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How does everyone heat their nutrient reservoirs?

i have some 165 gallon nutrient reservoirs that need heating. we started out using hydrostore “aquarium” type drop in heaters. ended up having to splice both the element and the thermostat with longer cord to reach the bottom of the tank and sealing up the splices inside 3/4" tubing with silicone. it worked. but as with all hydrostore products they seem to die every 4 months.

does anyone have experience with a hot water heater element?

any other ideas?

i’d rather not build a room around my exposed reservoirs. they are inside the building but not in a heated area.

thanks in advance for your input.

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Have you ever considered a tankless hot water heater? Do any other @growopowners or @mastergrowershave any experience with this?

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The 350w titanium rez heaters from the hydro store are good, but he controllers are junk. We end up running them on digital seedlings heat mat controllers, set at 65 degrees F. If the wire covering on the sensor probe cracks you’ll get zapped though, as this is not an approved use.

Another trick is if you’re aerating your reservoir, he bigger pumps have a barbed intake port. Connect a hose to it that terminates near your ceiling so it adds warmer air to the rez.

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@Growernick i’ve not considered that. we mix up by hand once or twice a week so color me ignorant if there is a way to do that with those kind of heater. i’m all ears

@Lazyman mind linking me the heater and controllers you use? i can’t find any heaters with long enough cords. the top of my rez is about 5.5-6’ from the floor. how long have you used your current ones?

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Best option is to just insulate the reservoirs. Set them on 2 inch styrene and then either use spray on insulation or wrap them with conventional.
You can also put a pump in the reservoir and plumb it out to a small water heater and plumb the outlet of the water heater back into the top of the reservoir. The problem with this is that short water heaters cost the same as full size and they don’t have a low enough setting on the thermostats so you then have to add an additional thermostat to cycle the water heater. DO NOT run a regular water heater without a separate thermostat!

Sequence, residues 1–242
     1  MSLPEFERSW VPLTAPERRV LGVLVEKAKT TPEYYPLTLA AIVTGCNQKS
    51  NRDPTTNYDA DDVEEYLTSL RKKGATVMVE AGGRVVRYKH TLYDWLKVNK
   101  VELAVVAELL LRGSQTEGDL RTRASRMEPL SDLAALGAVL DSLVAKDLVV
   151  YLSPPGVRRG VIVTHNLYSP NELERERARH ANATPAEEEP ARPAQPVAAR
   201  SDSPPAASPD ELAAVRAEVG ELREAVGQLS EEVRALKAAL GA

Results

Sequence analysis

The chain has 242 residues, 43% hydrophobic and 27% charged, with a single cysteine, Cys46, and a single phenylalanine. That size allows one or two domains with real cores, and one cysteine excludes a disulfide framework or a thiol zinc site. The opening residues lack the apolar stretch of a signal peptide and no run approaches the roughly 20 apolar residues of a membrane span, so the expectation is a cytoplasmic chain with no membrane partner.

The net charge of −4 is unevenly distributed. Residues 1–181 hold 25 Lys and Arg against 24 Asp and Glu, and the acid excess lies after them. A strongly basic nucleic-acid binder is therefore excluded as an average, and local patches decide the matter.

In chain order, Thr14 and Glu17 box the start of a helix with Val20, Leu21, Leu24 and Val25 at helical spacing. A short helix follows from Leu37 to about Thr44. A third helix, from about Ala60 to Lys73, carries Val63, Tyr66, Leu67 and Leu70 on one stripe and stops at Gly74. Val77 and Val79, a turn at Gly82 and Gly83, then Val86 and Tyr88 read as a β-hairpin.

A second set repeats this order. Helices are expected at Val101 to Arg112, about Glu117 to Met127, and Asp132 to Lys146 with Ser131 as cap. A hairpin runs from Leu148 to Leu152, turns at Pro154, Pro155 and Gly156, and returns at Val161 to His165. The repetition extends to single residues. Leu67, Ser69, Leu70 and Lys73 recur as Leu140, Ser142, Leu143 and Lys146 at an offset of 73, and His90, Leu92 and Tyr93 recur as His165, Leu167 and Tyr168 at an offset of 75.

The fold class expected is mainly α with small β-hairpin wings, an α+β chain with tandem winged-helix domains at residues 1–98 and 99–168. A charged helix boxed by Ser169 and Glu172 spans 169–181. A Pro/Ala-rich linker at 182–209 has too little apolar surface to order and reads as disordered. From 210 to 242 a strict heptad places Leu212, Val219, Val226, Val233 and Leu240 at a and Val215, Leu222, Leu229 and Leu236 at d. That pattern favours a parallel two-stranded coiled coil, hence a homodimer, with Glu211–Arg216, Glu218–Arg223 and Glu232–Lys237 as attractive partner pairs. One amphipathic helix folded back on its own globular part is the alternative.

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good advice ron.

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You might try using a horse water tank heater.

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Great advice!

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yep, stock tank heaters were my next stop. i do want to insulate them individually as well. started looking at radiant barriers from home depot. water proof would be ideal. obv cheaper is better. never a dull day.

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Hi There, check out http://rolliesystems.com. We make a lot of different types of tank heaters and
could easily adapt to a grow room reservoir, check out our control systems while your there!

Thanks,

Bill

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Look at Grainger for a stock tank heater. They also sell little giant subersable pumps.

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THIS! dang beat me to it.
Water tank heaters for cattle work great and if you guy a rheostat controller for the input power, you can dial the heat to whatever you need.

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They sell a therostate plug for NEMA 1 enviorments. Comes with a one meter thermal prob.

Big problem is a stock tank heater is thermal convection in water is slow. If you add a small submersible pump you solve the problem.

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One more important thing about heaters use 220 volts. Makes it easier on the wallet not to worry about did I balance the electrical panel last month.

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Totally agree. Also you get weird hot spots and it can encourage weird biofilms to grow on the actual heater with those.

One nice way I’ve seen these used is the make a pvc ‘radiator’ grid with a small H2o tank, pump, and water heater so hot water is just recirculated in an closed loop of pvc lines that can be dunked into mixing tanks to heat them without any contact between the heating element and the solution.

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